Renato Castellani

Sog.: dal racconto omonimo di Aleksandr Puškin. Scen.: Mario Bonfantini, Renato Castellani, Corrado Pavolini, Mario Soldati, Alberto Moravia. F.: Massimo Terzano. M.: Mario Serandrei. Scgf.: Nicola Benois, Gastone Medin. Mus.: Vincenzo Tommasini. Int.: Assia Noris (Mascia), Fosco Giachetti (Andrea Anickoff), Antonio Centa (Sergio Drutzky), Rubi Dalma (la contessa Giulia), Renato Cialente (Gerardo de Valmont), Mimì Dugini (Antonietta), Emilio Petacci (il notaio), Anna Capodaglio (Maria Nicolajevna, la governante), Agnese Dubbini (Dora, la locandiera), Ugo Sasso (Tommaso, il marito di Dora). Prod.: Lux Film · 35 mm. Bn.

T. it.: Italian title. T. int.: International title. T. alt.: Alternative title. Sog.: Story. Scen.: Screenplay. F.: Cinematography. M.: Editing. Scgf.: Set Design. Mus.: Music. Int.: Cast. Prod.: Production Company. L.: Length. D.: Running Time. f/s: Frames per second. Bn.: Black e White. Col.: Color. Da: Print source

Film Notes

A rather freewheeling and inventive adaptation of Puškin’s very short (16 pages) tale, this incredibly controlled and efficiently crafted first film by Castellani must no doubt be the source of his being labelled ‘calligraphist’, which is the typical damnation befallen on Mario Soldati (one of the screenwriters) and other very competent filmmakers, as if having a good handwriting could be something bad… Astonishingly rich and luxuriant for a film made during the Second World War, with an impressive reconstruction of Russia and Ucraine during the 1830s, Un colpo di pistola fails in the acting department: Fosco Giachetti turns his Andrea into an humorless character, while his friend turned arch-enemy Sergio (as played by Antonio Centa) seems quite silly, and who could fall in love with beautiful but cold (and annoyingly coy) Assia Noris as Masha… Anyhow, Un colpo di pistola is a very impressive success, in particular for a complete newcomer, and very strikingly in the first, introductory sequence, before the flashback narration starts, which owes nothing to Puškin.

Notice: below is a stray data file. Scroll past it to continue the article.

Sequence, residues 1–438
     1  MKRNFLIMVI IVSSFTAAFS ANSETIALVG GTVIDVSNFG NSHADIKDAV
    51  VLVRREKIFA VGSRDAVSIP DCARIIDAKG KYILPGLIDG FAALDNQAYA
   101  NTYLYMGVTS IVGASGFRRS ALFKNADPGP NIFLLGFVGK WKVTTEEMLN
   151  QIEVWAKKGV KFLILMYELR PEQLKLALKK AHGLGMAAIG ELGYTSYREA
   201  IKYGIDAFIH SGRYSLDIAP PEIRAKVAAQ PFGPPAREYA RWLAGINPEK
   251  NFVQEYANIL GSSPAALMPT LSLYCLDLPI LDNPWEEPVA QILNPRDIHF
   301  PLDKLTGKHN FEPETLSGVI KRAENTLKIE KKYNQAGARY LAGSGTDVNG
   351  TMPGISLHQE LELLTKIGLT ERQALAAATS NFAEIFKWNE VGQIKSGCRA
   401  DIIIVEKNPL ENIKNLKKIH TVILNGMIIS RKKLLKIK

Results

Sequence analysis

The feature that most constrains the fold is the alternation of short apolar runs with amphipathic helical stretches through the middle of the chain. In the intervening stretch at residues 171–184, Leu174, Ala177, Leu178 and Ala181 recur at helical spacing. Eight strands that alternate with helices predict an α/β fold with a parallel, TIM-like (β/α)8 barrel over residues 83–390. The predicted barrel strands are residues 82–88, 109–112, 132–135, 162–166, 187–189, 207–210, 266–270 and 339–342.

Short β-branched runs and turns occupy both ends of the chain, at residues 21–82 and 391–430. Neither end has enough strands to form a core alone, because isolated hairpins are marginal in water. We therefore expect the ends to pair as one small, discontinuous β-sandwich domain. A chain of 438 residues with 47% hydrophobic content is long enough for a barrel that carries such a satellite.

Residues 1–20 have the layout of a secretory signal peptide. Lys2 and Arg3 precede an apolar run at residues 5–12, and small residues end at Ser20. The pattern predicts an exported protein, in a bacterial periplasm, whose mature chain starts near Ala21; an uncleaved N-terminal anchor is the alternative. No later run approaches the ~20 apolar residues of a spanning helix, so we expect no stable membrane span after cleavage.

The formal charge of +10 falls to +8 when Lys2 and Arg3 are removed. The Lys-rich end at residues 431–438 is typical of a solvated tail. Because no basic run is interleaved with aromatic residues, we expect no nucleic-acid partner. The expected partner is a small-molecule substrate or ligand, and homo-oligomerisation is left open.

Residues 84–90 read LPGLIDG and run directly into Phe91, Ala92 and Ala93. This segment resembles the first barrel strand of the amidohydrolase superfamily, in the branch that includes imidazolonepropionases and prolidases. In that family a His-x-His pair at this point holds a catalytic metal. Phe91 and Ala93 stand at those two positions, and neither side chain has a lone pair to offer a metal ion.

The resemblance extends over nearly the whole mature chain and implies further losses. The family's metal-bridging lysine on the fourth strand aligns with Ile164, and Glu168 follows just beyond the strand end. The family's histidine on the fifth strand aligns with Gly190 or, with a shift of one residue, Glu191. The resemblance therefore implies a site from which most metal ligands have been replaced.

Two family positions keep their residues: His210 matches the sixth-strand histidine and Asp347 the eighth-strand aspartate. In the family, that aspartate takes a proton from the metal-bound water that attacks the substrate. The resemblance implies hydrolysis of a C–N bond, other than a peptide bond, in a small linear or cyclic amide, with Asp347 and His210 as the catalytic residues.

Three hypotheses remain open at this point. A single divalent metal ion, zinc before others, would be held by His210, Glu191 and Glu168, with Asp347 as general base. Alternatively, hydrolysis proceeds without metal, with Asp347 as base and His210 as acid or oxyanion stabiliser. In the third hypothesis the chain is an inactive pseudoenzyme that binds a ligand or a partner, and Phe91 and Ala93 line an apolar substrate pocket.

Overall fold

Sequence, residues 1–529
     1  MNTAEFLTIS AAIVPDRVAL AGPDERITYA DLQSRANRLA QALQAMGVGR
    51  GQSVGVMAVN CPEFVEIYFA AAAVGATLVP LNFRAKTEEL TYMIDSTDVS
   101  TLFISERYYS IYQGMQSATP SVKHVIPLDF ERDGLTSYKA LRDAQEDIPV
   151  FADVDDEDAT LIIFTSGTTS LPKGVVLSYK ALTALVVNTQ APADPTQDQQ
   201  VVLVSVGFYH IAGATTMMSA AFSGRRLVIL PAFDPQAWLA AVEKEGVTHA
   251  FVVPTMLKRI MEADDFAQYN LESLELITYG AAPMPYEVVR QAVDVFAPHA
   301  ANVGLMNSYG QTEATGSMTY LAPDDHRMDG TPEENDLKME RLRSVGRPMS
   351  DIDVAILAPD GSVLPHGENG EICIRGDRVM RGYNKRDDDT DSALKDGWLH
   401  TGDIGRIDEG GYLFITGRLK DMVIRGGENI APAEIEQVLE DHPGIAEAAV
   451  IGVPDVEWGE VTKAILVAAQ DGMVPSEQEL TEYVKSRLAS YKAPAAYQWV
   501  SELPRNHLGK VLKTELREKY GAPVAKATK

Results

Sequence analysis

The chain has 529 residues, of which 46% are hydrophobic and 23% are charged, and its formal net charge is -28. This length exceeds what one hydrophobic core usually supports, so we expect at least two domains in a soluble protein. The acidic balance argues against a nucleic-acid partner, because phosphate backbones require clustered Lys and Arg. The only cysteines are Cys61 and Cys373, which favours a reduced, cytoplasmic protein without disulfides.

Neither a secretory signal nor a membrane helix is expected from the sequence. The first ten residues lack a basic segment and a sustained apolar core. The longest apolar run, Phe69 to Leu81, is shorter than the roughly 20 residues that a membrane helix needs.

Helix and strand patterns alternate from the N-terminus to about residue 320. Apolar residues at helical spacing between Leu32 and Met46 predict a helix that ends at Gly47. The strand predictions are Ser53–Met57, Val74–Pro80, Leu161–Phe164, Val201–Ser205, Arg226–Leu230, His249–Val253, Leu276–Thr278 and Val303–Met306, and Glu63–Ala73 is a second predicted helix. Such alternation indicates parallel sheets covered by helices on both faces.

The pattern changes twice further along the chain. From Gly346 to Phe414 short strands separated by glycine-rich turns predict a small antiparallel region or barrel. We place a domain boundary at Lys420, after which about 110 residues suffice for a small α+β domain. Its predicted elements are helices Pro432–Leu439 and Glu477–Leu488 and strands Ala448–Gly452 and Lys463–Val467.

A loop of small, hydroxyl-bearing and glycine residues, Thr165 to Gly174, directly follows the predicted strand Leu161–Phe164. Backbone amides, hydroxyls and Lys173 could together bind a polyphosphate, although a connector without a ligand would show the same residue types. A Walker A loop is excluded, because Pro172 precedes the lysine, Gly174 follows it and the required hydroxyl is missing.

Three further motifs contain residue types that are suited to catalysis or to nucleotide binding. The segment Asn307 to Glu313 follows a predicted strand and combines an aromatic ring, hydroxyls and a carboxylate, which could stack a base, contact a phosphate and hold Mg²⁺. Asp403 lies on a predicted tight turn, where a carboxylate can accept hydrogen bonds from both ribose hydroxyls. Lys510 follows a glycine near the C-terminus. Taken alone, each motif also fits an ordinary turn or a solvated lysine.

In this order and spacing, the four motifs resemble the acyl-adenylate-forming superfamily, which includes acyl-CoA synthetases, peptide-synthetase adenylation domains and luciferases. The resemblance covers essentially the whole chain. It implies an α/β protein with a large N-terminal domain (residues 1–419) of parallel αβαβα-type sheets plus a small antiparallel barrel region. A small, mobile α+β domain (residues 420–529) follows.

Miguel Marías

I was working with Blasetti on La corona di ferro produced by Lux. Aside from being assistant director, I had written the scenario and worked on the screenplay. Libero Solaroli, who was a great friend of mine, asked me if I was familiar with Puškin’s novella The Shot. I wasn’t. I quickly got the book and read it. I liked the novella a lot, so much that I stayed awake that night in my little room (I was living in Via Flaminia) and wrote non-stop most of the scenario. Two days later I took it to Lux. Just a few days later I received a call from Gatti, the production manager, telling me the company wanted to make the film.
When Un colpo di pistola was screened, I was criticized for formalism and being cold. Seeing it again, I think it is pure slander. It was not cold at all. Formal? The film was shot on purpose in a studied way, in the name of elegance. At this rate, making comparisons where due, we could accuse even Flaubert of formalism. In substance, the film is anything but cold because it is a long mulling over the friendship between two men. The woman functions a bit like a mirror.

Renato Castellani, Quattro soggetti, Centro Cattolico Cinematografico, Rome, 1983

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